Holiday Tipping Guide: Whom to Tip and How Much Confused about how much to tip your mailman, dog walker or babysitter? Here's a good starting point.

By Jacqueline Whitmore

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Entrepreneurs are independent by nature, but even the most self-sufficient among them can't do it all on their own.

From the woman who keeps your hair looking awesome to the guy who takes your dog for a walk, there are plenty of people who deserve extra thanks for the holidays.

Related: Office Etiquette: The Rules of Saying Thank You

The guidelines below are a starting point for whom and how much you should tip, though the precise amount depends heavily on your relationship with the person, the quality of their work, the frequency with which you use their services, and most of all, your budget.

Give what you can. Tips are appreciated but not mandatory. If your budget is limited, opt for a small gift and a thank-you note. If you're unsure if someone you've hired can legally receive tips, call the company they work for and ask if there are specific guidelines. Someone in management will also be able to tell you if a cash tip or gift is more appropriate and what amount is customary.

Make a plan. Before you make a run to the bank, make a list of those people who have assisted you regularly. Once you know whom you'd like to thank, make a realistic budget of what you can afford to give. If you live in a major metropolitan area, the expected tipping range is slightly higher. Increase the tip for individuals with whom you have a friendship or those who go above and beyond the call of duty.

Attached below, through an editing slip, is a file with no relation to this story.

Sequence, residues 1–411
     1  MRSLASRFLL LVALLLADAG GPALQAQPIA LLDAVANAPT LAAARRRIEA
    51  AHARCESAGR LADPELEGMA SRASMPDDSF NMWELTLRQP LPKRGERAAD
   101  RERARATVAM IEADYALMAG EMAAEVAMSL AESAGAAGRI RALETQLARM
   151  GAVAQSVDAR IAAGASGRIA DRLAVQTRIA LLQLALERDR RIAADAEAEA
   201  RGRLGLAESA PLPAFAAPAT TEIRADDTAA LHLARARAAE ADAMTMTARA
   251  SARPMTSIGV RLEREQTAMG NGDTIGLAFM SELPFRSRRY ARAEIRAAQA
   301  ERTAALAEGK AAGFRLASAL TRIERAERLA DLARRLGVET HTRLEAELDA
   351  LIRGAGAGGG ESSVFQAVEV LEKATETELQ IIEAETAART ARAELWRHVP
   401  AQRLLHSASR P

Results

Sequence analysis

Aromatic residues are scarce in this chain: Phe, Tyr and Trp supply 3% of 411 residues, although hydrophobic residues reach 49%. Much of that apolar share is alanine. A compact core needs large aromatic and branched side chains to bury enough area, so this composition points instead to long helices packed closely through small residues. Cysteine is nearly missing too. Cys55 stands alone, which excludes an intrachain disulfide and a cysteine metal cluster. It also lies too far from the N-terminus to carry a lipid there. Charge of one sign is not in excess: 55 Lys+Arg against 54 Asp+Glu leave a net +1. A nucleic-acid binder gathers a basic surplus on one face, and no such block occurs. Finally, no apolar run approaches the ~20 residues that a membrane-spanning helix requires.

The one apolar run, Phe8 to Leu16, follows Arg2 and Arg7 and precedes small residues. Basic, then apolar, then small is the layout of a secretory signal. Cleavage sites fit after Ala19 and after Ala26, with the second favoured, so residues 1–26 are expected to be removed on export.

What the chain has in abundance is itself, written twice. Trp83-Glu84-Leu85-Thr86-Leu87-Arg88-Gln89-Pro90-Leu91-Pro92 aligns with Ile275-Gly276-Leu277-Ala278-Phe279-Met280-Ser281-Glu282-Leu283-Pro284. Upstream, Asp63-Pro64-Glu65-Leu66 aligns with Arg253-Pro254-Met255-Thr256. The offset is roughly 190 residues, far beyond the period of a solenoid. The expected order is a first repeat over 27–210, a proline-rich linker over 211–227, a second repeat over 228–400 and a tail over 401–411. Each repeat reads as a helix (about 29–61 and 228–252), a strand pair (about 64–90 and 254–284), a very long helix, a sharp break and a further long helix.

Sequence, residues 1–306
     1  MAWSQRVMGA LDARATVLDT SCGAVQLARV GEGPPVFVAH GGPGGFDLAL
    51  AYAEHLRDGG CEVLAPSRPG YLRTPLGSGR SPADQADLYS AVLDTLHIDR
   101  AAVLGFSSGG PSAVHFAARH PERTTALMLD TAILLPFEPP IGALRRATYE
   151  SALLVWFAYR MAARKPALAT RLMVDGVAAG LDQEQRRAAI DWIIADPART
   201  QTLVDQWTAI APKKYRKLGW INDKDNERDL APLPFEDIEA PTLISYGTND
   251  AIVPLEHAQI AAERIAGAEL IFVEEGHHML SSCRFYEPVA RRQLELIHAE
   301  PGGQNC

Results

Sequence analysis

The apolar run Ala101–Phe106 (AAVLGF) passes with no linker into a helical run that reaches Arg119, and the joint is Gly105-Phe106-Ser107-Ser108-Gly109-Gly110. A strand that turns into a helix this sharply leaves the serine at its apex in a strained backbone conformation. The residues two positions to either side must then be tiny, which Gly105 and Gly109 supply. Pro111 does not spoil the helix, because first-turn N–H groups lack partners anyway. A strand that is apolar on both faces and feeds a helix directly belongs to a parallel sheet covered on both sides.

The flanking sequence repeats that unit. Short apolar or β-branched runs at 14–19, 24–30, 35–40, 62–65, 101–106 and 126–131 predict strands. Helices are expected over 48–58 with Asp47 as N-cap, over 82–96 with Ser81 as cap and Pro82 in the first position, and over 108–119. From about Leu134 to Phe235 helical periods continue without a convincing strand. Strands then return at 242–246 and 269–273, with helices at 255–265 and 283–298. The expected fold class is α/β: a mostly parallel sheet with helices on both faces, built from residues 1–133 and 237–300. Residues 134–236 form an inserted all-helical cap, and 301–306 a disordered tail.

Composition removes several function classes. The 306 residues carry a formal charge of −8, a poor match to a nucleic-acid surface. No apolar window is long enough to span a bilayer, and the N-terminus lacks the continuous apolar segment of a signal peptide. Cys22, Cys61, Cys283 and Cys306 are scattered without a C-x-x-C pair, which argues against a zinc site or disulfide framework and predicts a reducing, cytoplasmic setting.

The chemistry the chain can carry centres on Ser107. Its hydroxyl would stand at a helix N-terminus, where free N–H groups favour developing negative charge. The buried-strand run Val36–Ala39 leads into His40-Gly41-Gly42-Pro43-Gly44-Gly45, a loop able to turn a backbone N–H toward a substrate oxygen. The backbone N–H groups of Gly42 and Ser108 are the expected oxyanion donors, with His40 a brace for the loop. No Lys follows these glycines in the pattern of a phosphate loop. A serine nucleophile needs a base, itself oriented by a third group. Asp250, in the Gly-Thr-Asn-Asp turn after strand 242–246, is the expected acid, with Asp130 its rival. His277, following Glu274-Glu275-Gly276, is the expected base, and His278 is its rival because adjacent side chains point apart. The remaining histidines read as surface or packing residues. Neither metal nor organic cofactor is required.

Hand-deliver your tip. When possible, deliver your gift in person accompanied by a handwritten card. Freshly printed, crisp bills are ideal. Gifts should be delivered on or before December 25, but may be given whenever you have contact with the person during the holiday season.

Here are some people you may want to consider tipping:

Manicurist: $25 to $50 or a gift

Hair stylist: $50 to $100 or a gift

Barber: Up to the cost of one haircut or a gift

Personal trainer: Up to the cost of one session or a gift

Housekeeper: Up to the cost of one visit

Au pair or live-in nanny: One or two weeks' pay and a gift from your children

Teacher: A gift card or gift certificate for up to $25, or pitch in with some of the other parents and buy a more expensive gift certificate

Day care provider: $20 to $70 each, plus a small gift from your child

Babysitter: An evening's pay, plus a gift from your child

Massage therapist: Up to the cost of one session or a gift

Superintendent: $20 to $80 or a gift, depending on how helpful he or she has been

Doorman: $15 to $100

Mail carrier: Small gift or gift card up to $20

Newspaper carrier: $10 to $30

Sanitation worker: $10 to $30 each for private service; check your local municipality for regulations, as some areas may not allow tipping

Yard or garden worker: $20 to $50 or a gift card

Handyman: $15 to $50 or a gift card

Pool cleaners: Up to the cost of one cleaning or gift card

Dog walker: Up to one week's pay or a gift

Pet groomer: Up to the cost of one session or a gift

Related: What Not to Do When Taking Clients Out to Lunch

Jacqueline Whitmore

Author, Business Etiquette Expert and Founder of The Protocol School of Palm Beach

Jacqueline Whitmore is an etiquette expert and founder of the Protocol School of Palm Beach in Palm Beach, Fla. She is the author of Poised for Success: Mastering the Four Qualities That Distinguish Outstanding Professionals (St. Martin's Press, 2011) and Business Class: Etiquette Essentials for Success at Work (St. Martin's Press, 2005).

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